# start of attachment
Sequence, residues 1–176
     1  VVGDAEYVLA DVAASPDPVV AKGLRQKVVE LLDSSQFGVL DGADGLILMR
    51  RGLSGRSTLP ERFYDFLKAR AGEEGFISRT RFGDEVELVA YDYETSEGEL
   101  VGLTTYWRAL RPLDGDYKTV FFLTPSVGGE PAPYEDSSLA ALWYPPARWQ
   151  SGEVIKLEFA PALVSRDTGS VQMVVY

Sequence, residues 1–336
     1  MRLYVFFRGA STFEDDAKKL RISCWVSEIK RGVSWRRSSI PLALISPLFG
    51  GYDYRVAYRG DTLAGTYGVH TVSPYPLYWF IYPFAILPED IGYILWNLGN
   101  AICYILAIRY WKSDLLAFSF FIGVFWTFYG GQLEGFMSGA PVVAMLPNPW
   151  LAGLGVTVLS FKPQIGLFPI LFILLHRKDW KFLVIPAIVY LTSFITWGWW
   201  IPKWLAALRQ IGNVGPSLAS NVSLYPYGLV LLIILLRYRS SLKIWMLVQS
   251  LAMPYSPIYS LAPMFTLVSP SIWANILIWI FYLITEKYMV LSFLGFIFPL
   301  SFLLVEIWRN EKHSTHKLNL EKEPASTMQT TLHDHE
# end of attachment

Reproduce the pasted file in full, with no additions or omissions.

Sequence, residues 1–176
     1  VVGDAEYVLA DVAASPDPVV AKGLRQKVVE LLDSSQFGVL DGADGLILMR
    51  RGLSGRSTLP ERFYDFLKAR AGEEGFISRT RFGDEVELVA YDYETSEGEL
   101  VGLTTYWRAL RPLDGDYKTV FFLTPSVGGE PAPYEDSSLA ALWYPPARWQ
   151  SGEVIKLEFA PALVSRDTGS VQMVVY

Sequence, residues 1–336
     1  MRLYVFFRGA STFEDDAKKL RISCWVSEIK RGVSWRRSSI PLALISPLFG
    51  GYDYRVAYRG DTLAGTYGVH TVSPYPLYWF IYPFAILPED IGYILWNLGN
   101  AICYILAIRY WKSDLLAFSF FIGVFWTFYG GQLEGFMSGA PVVAMLPNPW
   151  LAGLGVTVLS FKPQIGLFPI LFILLHRKDW KFLVIPAIVY LTSFITWGWW
   201  IPKWLAALRQ IGNVGPSLAS NVSLYPYGLV LLIILLRYRS SLKIWMLVQS
   251  LAMPYSPIYS LAPMFTLVSP SIWANILIWI FYLITEKYMV LSFLGFIFPL
   301  SFLLVEIWRN EKHSTHKLNL EKEPASTMQT TLHDHE